As I discovered these more nuanced truths, I also discovered new aspects of Jewish culture. Growing up in Vancouver, Canada — a city with a relatively small and homogenous Jewish population — and attending a Reform synagogue on High Holidays, I looked through a small window into Jewish culture. In Israel, I had the opportunity to walk onto a bus each day filled with folks of every denomination, sect and country of origin, reflected in their clothing, language and even tone of voice. Interacting with the diverse sectors of Israeli life also helped to get me thinking about how I define my own relationship with Judaism – and that process isn’t finished — in fact, it’s only beginning.

I found working abroad so eye-opening and enjoyable that I decided to pursue another research opportunity at the Hebrew University of Jerusalem, as a masters student in the International Graduate Program for the Biomedical Sciences. While in Israel, I learned that to grow, we must embrace challenges, discover the unknown, and seize new opportunities. And while the foreignness of this environment has lost its edge, I know I haven’t exhausted all I have to gain from the experience of being in Israel.


Can you tell us about your scholarship?

My name is Jessica Horowitz and I was the recipient of one of the Canadian Friends of the Hebrew University’s Merit Scholarship sponsored by the Persiko Family in Toronto. I am writing to fill you in and share some of my experiences abroad thus far.


I have already completed my first semester, and I can personally confirm the motto stated on the Hebrew University’s website: “Hard but worth it.” While it took some time to adjust to the lifestyle and coursework, I am proud to share the comfort and ease at which I flow through this second portion of the year. My involvement goes beyond the classroom, and this interactive setting provides me with hands on experience I never expected from a university.


Can you tell us about your courses and program?

Weekly, I attend a course called “Crops Management” where we are taken to a nearby farm to attend to our own plot. From preparing irrigation systems to gathering seeds, we are able to translate our class work into real life. Here we are given lectures by breeders and researchers who share with us the challenges that they face being a part of the agricultural world.


Can you tell us about your lab work?

In addition, each student here has chosen a lab in which to volunteer. Week after week we are learning lab techniques and conducting experiments with our mentors and other volunteers. I feel very fortunate to have been accepted in a lab that serves as an intersecting point to the knowledge I have previously obtained and to that which I am learning now. I am working in a lab, under the nutrition faculty, that is evaluating the effects of cannabis on the microbiology of our cells for medicinal purposes.


The work I do is not just fascinating but feels purposeful. The mentors, professors, and peers have all surpassed my expectations of support and kindness.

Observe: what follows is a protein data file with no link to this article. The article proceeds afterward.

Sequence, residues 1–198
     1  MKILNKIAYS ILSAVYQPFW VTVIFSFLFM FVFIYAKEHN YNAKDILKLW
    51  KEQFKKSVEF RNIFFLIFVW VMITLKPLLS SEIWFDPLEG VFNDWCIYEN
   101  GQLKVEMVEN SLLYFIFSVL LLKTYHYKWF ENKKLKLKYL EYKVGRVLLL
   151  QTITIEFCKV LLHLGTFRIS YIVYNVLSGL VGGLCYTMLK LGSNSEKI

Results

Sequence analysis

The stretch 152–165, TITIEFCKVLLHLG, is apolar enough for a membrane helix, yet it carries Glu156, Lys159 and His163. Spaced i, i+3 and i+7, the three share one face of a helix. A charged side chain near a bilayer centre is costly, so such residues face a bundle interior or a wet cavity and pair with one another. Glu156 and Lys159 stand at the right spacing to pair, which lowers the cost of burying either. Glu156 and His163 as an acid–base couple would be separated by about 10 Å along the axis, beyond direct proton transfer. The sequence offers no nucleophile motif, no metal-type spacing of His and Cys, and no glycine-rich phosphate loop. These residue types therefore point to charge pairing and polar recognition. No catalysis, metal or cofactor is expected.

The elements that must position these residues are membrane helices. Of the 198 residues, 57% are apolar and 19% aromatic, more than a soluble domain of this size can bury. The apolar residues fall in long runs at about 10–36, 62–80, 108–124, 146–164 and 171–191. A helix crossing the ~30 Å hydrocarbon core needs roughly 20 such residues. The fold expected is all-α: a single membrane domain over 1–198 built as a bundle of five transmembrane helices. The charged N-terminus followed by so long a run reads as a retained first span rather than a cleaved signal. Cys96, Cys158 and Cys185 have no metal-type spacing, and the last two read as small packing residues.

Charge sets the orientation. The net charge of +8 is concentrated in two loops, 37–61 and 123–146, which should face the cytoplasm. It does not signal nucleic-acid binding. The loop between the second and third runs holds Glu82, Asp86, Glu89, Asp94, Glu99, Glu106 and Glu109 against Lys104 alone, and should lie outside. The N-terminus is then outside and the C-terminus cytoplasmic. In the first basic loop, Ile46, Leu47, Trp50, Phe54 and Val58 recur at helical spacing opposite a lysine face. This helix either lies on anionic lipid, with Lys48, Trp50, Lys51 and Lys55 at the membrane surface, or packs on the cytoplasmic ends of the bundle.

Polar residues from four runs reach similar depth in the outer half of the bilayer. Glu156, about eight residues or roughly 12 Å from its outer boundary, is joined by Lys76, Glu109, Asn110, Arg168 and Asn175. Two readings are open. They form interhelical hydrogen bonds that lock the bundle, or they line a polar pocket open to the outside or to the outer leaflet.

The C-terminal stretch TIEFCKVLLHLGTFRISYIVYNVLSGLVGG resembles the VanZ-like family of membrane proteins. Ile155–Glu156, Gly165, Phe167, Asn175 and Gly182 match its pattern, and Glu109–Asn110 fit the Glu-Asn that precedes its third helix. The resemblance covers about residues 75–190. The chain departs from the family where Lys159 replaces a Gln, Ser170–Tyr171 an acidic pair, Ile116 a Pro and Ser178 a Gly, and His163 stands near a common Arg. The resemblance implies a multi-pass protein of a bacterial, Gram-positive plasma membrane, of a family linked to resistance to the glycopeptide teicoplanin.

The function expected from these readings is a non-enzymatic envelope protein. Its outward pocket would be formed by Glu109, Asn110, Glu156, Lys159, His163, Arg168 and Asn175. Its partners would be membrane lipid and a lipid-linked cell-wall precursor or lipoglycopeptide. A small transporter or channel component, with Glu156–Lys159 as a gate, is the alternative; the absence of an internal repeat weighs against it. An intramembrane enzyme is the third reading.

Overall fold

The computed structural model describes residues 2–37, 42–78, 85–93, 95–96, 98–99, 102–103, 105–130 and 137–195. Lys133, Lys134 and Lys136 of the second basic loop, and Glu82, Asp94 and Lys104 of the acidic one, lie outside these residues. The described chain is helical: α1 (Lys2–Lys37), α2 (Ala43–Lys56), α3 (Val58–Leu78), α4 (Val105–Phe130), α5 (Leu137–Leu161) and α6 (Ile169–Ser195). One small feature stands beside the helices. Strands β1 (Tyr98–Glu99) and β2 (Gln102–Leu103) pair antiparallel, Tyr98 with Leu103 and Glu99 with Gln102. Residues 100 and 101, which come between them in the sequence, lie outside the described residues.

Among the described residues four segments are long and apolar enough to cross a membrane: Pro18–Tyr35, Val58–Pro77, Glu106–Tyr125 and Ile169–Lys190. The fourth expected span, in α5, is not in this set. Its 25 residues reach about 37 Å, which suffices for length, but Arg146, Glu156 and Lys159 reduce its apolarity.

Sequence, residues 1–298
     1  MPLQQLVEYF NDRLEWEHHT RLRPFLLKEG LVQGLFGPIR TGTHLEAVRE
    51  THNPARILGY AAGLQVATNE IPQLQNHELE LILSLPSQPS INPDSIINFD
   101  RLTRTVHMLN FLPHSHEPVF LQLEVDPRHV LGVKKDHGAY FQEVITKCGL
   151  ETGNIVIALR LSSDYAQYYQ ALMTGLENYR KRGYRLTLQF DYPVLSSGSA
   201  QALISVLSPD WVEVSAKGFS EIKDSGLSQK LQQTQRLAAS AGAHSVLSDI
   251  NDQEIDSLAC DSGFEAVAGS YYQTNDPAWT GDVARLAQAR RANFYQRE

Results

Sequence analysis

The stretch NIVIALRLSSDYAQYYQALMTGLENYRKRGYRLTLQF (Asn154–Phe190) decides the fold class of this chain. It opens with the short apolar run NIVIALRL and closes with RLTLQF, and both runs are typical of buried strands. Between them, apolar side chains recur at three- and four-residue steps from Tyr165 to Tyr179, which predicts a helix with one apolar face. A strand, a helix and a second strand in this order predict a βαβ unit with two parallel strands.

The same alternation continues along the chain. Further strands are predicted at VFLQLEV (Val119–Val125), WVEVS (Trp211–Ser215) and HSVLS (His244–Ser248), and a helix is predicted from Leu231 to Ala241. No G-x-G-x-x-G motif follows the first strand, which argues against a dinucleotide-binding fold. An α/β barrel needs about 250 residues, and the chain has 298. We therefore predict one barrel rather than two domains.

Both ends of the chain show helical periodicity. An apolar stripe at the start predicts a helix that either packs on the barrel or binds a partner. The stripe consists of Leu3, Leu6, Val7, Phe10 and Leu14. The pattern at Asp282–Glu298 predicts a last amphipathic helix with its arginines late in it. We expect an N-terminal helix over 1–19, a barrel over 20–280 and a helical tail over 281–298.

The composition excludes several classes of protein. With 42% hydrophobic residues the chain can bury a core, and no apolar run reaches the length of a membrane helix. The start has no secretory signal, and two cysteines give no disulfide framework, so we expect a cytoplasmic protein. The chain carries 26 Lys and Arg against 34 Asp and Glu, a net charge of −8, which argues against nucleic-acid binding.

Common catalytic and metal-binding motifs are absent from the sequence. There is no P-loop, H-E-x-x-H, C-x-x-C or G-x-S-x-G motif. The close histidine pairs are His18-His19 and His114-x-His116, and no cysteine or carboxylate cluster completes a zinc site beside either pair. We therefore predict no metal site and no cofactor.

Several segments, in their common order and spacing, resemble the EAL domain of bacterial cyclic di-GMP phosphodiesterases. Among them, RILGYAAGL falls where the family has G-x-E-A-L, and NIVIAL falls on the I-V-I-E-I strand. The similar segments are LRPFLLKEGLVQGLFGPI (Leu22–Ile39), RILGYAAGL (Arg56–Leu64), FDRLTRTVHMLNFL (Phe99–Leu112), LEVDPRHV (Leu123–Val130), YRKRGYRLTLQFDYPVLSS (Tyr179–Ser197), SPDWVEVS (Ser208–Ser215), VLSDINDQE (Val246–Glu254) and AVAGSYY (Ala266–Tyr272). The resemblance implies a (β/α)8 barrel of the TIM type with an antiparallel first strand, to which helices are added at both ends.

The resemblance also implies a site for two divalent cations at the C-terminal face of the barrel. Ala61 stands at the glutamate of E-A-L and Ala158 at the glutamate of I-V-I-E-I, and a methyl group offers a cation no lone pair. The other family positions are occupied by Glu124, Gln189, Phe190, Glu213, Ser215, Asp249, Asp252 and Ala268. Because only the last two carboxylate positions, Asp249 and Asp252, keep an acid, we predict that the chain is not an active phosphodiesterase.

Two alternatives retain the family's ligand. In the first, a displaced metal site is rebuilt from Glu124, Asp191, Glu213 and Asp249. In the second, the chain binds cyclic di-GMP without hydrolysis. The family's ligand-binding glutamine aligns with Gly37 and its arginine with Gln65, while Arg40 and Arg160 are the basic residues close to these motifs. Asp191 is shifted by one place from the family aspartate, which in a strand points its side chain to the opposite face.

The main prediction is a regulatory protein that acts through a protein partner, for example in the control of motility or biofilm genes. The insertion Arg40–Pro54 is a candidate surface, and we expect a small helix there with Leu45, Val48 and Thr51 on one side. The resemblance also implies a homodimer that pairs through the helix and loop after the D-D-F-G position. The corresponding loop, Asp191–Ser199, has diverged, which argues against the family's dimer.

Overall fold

How has the scholarship helped you?

All of this is to say, thank you. Without the Bernard and Elinore Persiko Student Scholarship Fund. I would not have been granted such opportunities. Thank you for providing me with more than just an education, but with a brighter future and stronger community.

Stephanie Kirk

Stephanie received The Ronson Family Student Scholarship to Hebrew U for the summer of 2018, where she studied in the Coexistence in the Middle East Program.

Can you tell us about your program at Hebrew U?

I am a recipient of the Ronson Family Scholarship which allowed me to participate in the Coexistence in the Middle East program. This program focussed particularly on peace between the Palestinians and Israelis by using some of the key areas of conflict such as religion to forge tolerance and reconciliation. This program was unique from any other I have participated in, since it was highly interactive and we went on many field trips to see and hear first-hand, the various perspectives on the conflict. One of my favourite trips was the Peres Centre for Peace where we had presentations and the opportunity to ask questions of Mr. Nadav Tamir (the policy advisor to Shimon Peres) and the external relations and outreach coordinator, Lara Portnoy.


What I love about the work they do is how thoughtful they are in creating programs which are relevant to populations who are often overlooked in peace discussions, such as new mothers, who actually have an enormous role to play in passing on attitudes and stories to their children.


What new skills did you learn?

Studying at Hebrew University was incredible, since it allowed me to experience a culture different from my own in Israel, and understand both sides of the conflict on a deeper level than I could have from reading books in Canada. I believe my experiences also gave me new skills like the ability to identify and listen for someone’s needs when they are sharing traumatic and painful events. These skills are very relevant to my future goal of becoming a psychologist who specializes in war-related trauma. 


I have become more aware of the colonial impact and oppression of First Nations in Canada, and wrote a paper contrasting their experiences with the Palestinians. I am so excited that one of my professors is sharing this paper with the Ambassador of Canada to Israel!


How did you grow from your experience at Hebrew U?

It is hard to decide which parts of my experience to share with you, since every moment was truly amazing. This experience stretched and grew me. Through it, my heart and compassion expanded for both sides. Without your assistance, this would not have been possible for me, so thank you, so much! 

Jonathan Mostovy received an Einstein Legacy Student Scholarship to Hebrew U in the summer of 2015 where he studied Economics and Game Theory.

What was your most memorable experience at Hebrew U?

Having the one-on-one guidance/mentorship from my research project advisor was a particularly learned and exciting experience. Also, the many trips exploring the beautiful country was incredible - seeing Masada, the Golan Heights, Tel Aviv, The Old City, Haifa etc.


How did your time there make an impact on your development professionally and/or personally?